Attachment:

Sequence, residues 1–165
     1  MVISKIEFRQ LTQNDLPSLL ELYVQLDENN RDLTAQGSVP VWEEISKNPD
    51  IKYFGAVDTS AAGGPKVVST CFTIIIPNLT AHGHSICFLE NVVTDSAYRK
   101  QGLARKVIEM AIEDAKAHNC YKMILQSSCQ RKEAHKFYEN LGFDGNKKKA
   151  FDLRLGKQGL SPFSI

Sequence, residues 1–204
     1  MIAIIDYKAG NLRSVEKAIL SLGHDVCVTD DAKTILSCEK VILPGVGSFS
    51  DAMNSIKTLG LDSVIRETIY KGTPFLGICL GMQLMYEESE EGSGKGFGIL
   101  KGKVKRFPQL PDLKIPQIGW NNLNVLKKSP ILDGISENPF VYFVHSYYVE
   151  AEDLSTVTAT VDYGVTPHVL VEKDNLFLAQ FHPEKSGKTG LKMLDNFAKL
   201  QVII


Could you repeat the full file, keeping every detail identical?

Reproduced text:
Sequence, residues 1–165
     1  MVISKIEFRQ LTQNDLPSLL ELYVQLDENN RDLTAQGSVP VWEEISKNPD
    51  IKYFGAVDTS AAGGPKVVST CFTIIIPNLT AHGHSICFLE NVVTDSAYRK
   101  QGLARKVIEM AIEDAKAHNC YKMILQSSCQ RKEAHKFYEN LGFDGNKKKA
   151  FDLRLGKQGL SPFSI

Sequence, residues 1–204
     1  MIAIIDYKAG NLRSVEKAIL SLGHDVCVTD DAKTILSCEK VILPGVGSFS
    51  DAMNSIKTLG LDSVIRETIY KGTPFLGICL GMQLMYEESE EGSGKGFGIL
   101  KGKVKRFPQL PDLKIPQIGW NNLNVLKKSP ILDGISENPF VYFVHSYYVE
   151  AEDLSTVTAT VDYGVTPHVL VEKDNLFLAQ FHPEKSGKTG LKMLDNFAKL
   201  QVII